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`Creativity is like poetry'

Padma Subramanyam, one of the most erudite and controversial classical dancers of our times, was in the city recently



Padma Subramanyam's recital was as enchanting as ever — Photo: K. Bhagya Prakash

SHE MUST be the only one to have said a firm no to act in films despite overtures from the likes of Raj Kapoor, Satyajit Ray, M.G. Ramachandran, and N.T. Rama Rao. But that hasn't stopped her being one of the most recognised names. The redoubtable classical dancer Padma Subramanyam was in town to perform for Belli Gejje, the festival to commemorate 25 years of Shubha Dhananjay's initiation into dance.

Born into a family where both her parents were artistically inclined (father K. Subramanyam was a pioneering film director and mother Meenakshi a dancer), young Padma found absolutely no difficulty in finding her roots in Bharatanatya. With her beauty, agility and grace, she won millions of hearts not only in India, but also abroad.

Dressed in a heavy silk sari, flowers in hair, and bright kohl-lined eyes, Padma spoke to MetroPlus despite her tight schedule.

Why did the glamour of the film industry not lure her? "My father was a big man and was instrumental in launching quite a few names in the film industry, and if I had chosen to get into the industry, I wouldn't have known which ones to accept and which to refuse. But I do act out a different role today; the abhinaya in dance is all about acting isn't it?"

Despite her erudition in her chosen field, she bereft of airs and is refreshingly humble. She does not resort to exaggerated facial expressions and hand gestures usually adopted by dancer. This gritty woman had researched into the karanas in Indian dance and sculpture, for which she received both laurels and brickbats, which she took in her elegant stride.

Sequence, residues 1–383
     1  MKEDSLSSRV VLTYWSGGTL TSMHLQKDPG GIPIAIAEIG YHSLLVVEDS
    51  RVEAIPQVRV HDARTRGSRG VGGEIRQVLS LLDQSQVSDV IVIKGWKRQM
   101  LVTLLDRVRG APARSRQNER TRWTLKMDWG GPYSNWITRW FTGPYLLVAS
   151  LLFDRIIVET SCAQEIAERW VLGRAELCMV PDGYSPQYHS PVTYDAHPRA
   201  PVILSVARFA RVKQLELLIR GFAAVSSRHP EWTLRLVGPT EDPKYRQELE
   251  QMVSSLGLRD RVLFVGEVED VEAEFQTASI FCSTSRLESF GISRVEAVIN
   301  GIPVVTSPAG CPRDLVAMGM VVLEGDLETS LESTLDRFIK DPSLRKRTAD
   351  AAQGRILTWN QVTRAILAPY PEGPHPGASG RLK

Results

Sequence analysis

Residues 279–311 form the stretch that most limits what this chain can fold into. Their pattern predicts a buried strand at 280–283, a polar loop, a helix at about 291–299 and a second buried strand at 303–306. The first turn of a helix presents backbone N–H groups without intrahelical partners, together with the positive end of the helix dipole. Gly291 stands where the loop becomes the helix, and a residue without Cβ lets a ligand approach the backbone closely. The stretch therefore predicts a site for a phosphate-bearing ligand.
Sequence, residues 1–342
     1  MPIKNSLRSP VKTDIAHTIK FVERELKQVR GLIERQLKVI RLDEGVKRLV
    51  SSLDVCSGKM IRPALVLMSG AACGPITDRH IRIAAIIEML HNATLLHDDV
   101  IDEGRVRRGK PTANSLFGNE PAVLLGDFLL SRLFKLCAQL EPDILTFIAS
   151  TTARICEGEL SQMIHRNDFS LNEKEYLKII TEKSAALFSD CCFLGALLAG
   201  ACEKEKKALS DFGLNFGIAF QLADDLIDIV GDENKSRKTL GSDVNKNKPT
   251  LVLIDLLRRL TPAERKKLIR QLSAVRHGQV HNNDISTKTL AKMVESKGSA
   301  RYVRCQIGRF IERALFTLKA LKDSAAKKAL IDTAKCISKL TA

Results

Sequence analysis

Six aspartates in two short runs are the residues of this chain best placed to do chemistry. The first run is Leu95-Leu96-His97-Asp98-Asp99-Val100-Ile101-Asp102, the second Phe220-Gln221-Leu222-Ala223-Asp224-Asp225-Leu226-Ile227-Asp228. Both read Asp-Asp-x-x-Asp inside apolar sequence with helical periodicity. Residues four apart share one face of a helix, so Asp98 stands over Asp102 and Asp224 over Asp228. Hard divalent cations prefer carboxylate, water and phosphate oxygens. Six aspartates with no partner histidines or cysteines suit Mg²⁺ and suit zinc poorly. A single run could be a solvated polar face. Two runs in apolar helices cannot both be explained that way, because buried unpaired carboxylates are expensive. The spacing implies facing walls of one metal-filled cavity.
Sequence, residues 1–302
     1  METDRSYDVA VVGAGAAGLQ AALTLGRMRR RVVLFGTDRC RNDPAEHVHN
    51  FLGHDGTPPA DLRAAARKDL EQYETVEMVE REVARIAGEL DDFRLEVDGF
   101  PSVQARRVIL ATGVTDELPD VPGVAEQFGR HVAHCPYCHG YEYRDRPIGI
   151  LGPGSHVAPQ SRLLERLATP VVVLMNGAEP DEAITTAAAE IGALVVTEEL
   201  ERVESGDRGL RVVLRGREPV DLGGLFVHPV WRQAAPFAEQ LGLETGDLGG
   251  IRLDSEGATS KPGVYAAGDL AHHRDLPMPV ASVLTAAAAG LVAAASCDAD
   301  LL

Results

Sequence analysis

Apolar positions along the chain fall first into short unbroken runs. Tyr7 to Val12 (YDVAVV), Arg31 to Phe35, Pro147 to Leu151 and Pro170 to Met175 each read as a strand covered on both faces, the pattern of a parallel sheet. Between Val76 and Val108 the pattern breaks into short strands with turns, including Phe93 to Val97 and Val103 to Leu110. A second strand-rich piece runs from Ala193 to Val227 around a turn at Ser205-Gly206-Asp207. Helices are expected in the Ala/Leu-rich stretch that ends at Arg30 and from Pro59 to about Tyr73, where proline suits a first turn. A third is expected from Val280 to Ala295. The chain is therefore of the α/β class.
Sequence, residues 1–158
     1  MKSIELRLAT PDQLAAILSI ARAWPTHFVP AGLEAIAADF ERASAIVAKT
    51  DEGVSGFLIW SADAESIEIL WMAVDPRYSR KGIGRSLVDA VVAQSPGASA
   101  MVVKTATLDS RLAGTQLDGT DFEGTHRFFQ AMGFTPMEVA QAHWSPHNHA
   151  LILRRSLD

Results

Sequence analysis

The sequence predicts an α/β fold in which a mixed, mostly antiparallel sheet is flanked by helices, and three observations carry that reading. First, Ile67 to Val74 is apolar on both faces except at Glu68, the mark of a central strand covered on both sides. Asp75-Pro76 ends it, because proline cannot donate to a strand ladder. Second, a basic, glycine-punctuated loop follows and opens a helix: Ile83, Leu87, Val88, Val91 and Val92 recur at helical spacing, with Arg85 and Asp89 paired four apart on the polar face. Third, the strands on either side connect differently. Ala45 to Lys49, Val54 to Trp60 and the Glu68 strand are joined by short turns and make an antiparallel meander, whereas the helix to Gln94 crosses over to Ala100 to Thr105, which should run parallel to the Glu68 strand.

All the quarrels people have with her "new" style of dance and choreography does not bother her at all. "My aim was to identify the karanas from the Indian sculptures and give them a practical shape. Karanas are not just postures, but also bridge the gap between theory and practice," she explained. In fact, she has also designed the black granite sculptures of the 108 Karanas of Shiva and Parvati for the Nataraja temple in Satara, Maharashtra.

Padma Subramanyam is a dancer, choreographer, and musician, all rolled into one. As if all this weren't enough, it was she who introduced the Pushpanjali as a dance piece and even composed the first Bengali Varnam. How did she manage all this?

"Any knowledge is good. What I am today is because of my sustained interest in dance. Creativity has to flow like poetry. Once the kriya shakti is kindled, there is no stopping me."

SHILPA SEBASTIAN R.

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